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Want Help Improving Your Household and Housework Efficiency and Effectiveness?
We’re continually looking for productivity tips for the workplace, but have you ever thought about using them for your housework?
It’s true, they can work at home! Alexandria Blaelock wrote Ms Blaelock’s Book of Minimally Viable Housekeeping to help you think about what’s not working, make a plan to deal with it and get it done.
“You don’t have to fight about who does and doesn’t do enough housework,” Alexandria said, “nor do you have to do it all, but you do have to think about what needs to be done and why. Then you can choose how to meet your needs, and ignore other people’s expectations.”
Focusing on getting the right stuff done with the minimum of effort, frees up time you can spend on the things that make life worth living.
Drawing on a career in business and project management, Alexandria Blaelock translates business productivity techniques including standardisation, prioritisation and continuous improvement for household concerns.
1. Remember it’s not objective
When we think of “clean,” we think of an easily verifiable universal standard, but the meaning has moral overtones of goodness and purity that aren’t relevant to home care. Clean is just the absence/removal of dirt.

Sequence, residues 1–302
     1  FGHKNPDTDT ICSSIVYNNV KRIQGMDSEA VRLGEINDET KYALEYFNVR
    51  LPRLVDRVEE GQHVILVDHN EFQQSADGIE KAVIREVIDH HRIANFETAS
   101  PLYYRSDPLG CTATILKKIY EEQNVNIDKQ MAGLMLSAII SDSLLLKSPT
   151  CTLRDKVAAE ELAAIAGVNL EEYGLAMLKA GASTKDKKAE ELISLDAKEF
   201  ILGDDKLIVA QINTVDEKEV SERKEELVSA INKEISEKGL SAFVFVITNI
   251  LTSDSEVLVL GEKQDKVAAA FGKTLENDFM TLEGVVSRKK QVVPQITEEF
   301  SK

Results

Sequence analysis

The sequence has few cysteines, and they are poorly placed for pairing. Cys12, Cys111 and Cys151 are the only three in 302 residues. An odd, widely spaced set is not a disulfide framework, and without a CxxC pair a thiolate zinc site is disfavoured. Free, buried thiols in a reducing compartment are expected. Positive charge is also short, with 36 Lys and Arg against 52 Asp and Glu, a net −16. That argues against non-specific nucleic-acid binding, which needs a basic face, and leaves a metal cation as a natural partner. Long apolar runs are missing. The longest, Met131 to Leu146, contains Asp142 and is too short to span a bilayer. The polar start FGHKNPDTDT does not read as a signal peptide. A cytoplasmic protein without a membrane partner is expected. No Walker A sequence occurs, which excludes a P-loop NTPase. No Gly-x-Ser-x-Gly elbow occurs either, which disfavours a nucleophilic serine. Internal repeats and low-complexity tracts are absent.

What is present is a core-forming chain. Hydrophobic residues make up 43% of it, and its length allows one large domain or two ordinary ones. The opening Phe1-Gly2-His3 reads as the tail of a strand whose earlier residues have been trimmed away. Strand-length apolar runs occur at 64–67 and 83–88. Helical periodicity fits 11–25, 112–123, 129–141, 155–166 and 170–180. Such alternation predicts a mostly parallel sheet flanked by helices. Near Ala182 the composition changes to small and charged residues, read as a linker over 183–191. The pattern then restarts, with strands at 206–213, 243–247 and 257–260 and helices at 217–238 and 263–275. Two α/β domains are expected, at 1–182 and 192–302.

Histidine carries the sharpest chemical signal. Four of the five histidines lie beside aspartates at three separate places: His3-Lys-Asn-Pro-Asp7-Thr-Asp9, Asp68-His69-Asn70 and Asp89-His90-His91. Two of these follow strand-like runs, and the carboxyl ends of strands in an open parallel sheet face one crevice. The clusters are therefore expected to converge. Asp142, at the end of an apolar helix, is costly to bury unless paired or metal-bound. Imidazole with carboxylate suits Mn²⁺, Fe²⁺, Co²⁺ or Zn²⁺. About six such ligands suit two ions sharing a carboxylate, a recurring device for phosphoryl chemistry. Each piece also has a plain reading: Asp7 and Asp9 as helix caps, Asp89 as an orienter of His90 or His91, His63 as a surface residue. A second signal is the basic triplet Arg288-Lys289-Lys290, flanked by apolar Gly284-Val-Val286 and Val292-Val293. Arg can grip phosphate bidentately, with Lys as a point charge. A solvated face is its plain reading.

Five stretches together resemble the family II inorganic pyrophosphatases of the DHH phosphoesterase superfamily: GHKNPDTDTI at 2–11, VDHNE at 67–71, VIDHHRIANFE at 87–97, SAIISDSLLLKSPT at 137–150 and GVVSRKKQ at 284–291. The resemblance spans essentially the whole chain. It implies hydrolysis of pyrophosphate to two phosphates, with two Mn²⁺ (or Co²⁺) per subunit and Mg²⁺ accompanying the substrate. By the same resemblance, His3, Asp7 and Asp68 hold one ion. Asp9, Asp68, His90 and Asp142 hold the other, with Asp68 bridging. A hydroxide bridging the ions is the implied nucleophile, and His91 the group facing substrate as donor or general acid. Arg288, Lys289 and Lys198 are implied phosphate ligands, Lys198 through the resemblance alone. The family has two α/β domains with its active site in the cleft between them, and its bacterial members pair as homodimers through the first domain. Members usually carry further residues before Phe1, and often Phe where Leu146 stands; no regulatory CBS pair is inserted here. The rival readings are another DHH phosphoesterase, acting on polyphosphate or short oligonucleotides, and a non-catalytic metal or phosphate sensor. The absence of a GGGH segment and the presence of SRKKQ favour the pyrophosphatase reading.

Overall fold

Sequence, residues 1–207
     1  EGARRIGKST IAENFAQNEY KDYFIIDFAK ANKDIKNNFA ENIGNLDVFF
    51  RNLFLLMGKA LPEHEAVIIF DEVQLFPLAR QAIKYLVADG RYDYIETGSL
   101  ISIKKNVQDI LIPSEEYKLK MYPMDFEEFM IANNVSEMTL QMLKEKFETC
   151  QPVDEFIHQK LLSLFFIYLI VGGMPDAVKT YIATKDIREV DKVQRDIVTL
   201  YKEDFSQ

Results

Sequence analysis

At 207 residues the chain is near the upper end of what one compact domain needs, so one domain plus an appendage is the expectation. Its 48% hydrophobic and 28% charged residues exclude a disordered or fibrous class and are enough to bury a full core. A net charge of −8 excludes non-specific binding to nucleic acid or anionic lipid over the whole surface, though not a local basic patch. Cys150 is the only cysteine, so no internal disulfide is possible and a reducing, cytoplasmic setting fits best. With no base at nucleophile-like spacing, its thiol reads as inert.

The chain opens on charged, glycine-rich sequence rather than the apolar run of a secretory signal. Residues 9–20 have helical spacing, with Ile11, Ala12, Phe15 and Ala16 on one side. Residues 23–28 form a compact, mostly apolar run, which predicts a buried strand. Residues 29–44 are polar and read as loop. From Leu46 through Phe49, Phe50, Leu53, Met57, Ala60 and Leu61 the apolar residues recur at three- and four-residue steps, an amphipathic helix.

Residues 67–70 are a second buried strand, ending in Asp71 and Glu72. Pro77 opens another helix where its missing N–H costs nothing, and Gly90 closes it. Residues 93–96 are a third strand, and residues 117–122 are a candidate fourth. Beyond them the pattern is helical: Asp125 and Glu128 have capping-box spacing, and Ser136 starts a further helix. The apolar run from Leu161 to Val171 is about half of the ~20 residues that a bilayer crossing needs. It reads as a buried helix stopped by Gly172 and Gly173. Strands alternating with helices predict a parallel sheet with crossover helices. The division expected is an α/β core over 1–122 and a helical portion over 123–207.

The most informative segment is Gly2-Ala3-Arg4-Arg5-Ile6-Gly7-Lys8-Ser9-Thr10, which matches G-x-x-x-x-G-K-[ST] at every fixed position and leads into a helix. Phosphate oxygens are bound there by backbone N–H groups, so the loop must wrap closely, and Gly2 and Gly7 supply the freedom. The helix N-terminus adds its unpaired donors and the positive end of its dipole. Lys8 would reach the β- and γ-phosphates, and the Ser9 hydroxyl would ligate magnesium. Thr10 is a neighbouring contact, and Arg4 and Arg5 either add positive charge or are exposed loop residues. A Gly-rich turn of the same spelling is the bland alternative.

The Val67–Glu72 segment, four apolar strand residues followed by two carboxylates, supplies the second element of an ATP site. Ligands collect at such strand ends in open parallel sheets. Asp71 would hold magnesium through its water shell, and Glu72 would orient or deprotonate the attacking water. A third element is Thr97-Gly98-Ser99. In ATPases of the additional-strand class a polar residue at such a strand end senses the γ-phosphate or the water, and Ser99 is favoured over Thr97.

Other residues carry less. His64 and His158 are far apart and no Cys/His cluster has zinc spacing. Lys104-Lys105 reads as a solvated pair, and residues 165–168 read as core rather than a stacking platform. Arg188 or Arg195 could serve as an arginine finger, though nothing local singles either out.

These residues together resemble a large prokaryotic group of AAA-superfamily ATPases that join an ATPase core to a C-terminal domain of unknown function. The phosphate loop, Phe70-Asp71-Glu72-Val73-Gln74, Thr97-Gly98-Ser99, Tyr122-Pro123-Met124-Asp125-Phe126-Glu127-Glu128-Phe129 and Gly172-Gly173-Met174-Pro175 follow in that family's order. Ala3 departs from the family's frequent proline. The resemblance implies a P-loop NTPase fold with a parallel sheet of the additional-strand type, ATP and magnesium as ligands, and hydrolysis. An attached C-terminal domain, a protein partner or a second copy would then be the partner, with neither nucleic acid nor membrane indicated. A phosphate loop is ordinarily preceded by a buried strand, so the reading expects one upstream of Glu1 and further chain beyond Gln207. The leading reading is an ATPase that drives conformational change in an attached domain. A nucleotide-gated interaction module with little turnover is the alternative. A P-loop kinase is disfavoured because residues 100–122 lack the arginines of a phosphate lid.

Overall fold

2. Know WHY you’re doing it
Your and your desire for a soothing sanctuary after a busy day at work has different care requirements than someone homeschooling their kids. Knowing your WHY helps you focus your attention where it needs to be to meet your needs.
3. You don’t have to do it all on your own
Your job is to ensure it gets done, not necessarily do it yourself. Those who share your home can and should do their bit, even if it’s just making their bed, putting their dishes in the washer and dirty clothes in the hamper.
4. It doesn’t really matter if it doesn’t all get done
You can skip a day or a week here and there. Sometimes, depending on the room, you can shut the door and walk away for months. Even better, you get to choose the schedule.
5. Don’t fill your home up with crap you don’t use
If it’s not there, you don’t have to look after it, so be very careful about what you let into your home.
“You don’t have to do it all, or do it perfectly,” says Blaelock, “you only have to do just enough that’s good enough.”